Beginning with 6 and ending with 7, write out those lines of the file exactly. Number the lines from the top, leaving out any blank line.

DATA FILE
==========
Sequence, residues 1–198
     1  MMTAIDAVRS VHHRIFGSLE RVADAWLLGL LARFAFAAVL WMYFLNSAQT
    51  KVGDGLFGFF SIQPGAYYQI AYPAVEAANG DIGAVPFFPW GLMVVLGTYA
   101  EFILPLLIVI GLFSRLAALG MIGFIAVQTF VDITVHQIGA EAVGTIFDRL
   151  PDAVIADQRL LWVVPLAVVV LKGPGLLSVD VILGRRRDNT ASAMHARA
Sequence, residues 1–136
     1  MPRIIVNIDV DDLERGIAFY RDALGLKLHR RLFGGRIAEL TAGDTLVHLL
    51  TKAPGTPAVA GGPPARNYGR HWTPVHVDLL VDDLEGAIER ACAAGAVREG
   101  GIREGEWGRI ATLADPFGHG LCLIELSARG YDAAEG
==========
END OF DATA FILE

Sequence, residues 1–136
     1  MPRIIVNIDV DDLERGIAFY RDALGLKLHR RLFGGRIAEL TAGDTLVHLL